Dude, it’s not an automatic thing. If, as a rule, all Chinese people “should be able” to speak the language, babies in Hubei would be popping out of their mothers with a cheery “ni hao!” instead of the universal cry after a spank on the butt.

“Aren’t you ashamed that you can’t speak Chinese?” Not really, no. But my chicken stir-fry is a little embarrassing. I’m working on it.

I understand that language and cultural identity are linked – but they are not the same thing. I mean, I was really bad at physics, too. It doesn’t mean I’m not a fan of gravity.

I recently came across an article about Chinese dyslexia. Researchers have found that while English speakers who have developmental dyslexia have a hard time connecting letters to their sounds, dyslexic Chinese children have a problem with Mandarin because of two separate, independent problems: Sound and visual perception. That’s because complex Chinese characters must be memorised, rather than sounded-out like words in alphabet-based languages.

Could I have been suffering from Chinese dyslexia? It would explain why after 12 years of Chinese lessons – which cruelly shaved an average of four years off the lives of every Chinese teacher and tutor who ever had contact with me – I still have trouble telling the difference between the numbers seven and nine on mahjong tiles.

Seriously, it only takes about 10 years to become a doctor and remove somebody’s spleen.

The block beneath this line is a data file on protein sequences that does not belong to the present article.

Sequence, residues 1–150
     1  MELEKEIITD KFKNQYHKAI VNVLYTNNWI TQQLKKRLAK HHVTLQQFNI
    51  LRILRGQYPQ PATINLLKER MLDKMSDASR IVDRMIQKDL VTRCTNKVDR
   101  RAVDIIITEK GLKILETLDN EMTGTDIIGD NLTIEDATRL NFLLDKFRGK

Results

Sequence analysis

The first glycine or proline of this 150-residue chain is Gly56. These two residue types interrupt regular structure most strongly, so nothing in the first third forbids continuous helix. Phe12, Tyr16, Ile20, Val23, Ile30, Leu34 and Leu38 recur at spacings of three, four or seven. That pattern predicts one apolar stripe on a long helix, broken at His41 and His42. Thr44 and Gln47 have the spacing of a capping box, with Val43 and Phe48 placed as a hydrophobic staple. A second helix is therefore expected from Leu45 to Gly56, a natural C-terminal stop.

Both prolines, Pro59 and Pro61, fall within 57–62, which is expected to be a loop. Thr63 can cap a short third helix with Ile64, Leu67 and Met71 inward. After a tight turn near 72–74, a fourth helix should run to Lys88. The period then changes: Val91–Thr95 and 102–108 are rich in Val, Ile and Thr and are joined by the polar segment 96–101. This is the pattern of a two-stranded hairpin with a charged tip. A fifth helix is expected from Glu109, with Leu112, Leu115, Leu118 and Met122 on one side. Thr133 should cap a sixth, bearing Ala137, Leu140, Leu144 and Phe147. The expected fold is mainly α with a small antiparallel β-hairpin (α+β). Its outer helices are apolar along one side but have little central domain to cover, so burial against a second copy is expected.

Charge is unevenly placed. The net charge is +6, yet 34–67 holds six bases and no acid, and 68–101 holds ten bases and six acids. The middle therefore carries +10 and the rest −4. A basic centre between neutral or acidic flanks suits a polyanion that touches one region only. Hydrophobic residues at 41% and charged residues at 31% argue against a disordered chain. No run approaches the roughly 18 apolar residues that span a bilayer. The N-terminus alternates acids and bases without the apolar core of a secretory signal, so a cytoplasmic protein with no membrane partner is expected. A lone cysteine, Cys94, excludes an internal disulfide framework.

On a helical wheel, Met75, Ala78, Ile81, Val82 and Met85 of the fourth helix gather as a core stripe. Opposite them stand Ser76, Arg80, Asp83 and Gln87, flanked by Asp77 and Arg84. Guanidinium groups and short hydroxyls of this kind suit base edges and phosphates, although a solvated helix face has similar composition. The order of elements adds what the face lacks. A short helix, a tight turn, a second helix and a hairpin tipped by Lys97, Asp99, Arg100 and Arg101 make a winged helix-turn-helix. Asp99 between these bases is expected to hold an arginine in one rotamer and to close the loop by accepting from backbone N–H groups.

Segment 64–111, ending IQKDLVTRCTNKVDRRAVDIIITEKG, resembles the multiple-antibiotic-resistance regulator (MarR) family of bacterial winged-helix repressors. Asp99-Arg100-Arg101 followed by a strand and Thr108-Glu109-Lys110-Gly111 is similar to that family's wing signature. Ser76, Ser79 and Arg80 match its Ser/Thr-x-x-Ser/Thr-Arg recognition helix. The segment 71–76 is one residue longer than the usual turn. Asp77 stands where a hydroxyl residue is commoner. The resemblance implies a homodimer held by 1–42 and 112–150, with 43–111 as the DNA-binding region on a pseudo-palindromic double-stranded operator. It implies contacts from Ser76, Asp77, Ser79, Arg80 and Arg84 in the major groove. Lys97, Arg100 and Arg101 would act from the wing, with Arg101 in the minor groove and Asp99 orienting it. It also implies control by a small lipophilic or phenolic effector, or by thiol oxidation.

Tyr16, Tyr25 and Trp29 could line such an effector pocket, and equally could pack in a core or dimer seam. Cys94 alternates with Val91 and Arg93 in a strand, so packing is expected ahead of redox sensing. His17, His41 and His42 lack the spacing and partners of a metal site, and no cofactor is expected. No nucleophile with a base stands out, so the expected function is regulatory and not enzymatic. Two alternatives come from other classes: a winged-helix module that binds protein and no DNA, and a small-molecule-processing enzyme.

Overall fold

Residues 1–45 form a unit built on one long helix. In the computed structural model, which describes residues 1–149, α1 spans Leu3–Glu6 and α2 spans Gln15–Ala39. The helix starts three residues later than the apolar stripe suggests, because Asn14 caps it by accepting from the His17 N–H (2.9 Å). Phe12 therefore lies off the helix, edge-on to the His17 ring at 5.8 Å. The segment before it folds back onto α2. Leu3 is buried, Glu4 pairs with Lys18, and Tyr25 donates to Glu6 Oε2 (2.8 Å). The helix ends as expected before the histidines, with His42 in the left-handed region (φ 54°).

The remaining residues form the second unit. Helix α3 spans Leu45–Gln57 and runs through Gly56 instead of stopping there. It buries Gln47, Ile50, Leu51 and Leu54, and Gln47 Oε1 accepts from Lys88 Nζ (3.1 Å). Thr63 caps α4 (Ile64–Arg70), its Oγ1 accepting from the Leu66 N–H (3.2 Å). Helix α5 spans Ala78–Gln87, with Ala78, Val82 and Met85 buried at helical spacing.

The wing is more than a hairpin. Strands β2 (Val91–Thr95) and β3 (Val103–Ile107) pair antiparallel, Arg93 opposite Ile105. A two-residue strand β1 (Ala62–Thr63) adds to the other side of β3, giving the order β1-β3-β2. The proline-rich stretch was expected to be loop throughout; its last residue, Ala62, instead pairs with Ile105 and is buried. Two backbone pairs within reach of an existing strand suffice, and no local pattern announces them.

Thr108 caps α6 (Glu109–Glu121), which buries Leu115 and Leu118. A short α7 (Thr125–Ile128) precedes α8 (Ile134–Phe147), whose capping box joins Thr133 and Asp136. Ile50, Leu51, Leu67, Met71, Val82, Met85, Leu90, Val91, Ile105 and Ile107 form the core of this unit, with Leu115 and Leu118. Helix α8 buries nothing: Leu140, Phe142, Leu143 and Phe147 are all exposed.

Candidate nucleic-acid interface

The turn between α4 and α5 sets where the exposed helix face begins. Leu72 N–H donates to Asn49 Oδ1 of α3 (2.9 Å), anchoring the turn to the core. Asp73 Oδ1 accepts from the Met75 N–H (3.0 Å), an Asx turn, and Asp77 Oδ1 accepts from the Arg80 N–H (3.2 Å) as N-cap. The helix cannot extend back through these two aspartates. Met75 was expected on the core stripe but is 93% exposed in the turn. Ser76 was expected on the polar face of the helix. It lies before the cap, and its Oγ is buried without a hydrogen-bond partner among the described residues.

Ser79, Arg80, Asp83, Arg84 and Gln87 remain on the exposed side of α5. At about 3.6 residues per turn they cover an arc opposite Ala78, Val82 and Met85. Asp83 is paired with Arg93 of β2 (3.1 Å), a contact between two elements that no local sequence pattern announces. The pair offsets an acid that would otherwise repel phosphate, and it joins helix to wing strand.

Chinese dyslexia would make embarrassing the entire Chinese race completely incidental – my hieroglyphs teacher in 300BC Egypt would have requested for an early mummification, too.

I just needed a little more help in school to know what that dodgy Xiao Mei was really up to that Sunday afternoon.


Out Goes Gopolan’s Credibility (Not a Hoax)

By now, most of us would have read Gopolan Nair’s obituary as a political commentator.  He was, however strangely conspiracy theory it may seem,  an underdog when he vainly taunted the PAP to sue him for defamation when he arrived in Singapore. Gopolan styled himself flamboyantly as a Singapore Dissident based in the US, but a US citizen by the way and not a Singaporean despite the “Singapore” in front of the word “Dissident”. With Gopolan’s latest admission that his blog posting was a fraud and that he perhaps was a fraud by extension, he has thrown whatever little credibility and knee-jerk underdog political sympathy he had mustered since 2008, out of the window.  The sad fact is that there are probably more of these political comedians, doing more harm than good to Singapore, hiding among the ranks of Singapore’s already beleaguered opposition that needs our discerning support.

Singapore strongman 87 year old Lee Kuan Yew suffers massive heart attack

Ladies and Gentlemen,

According to latest reports received from Singapore a few minutes ago, the 87 year old Singapore strongman, Lee Kuan Yew, had suffered a massive heart attack at 9.34 pm yesterday Singapore time.

He is reported to be presently in the Intensive Care Cardiac Unit of the Singapore General Hospital under sedation and respiration, carefully watched by a team of doctors, with his son whom he appointed the Prime Minister and his 2 other children beside him.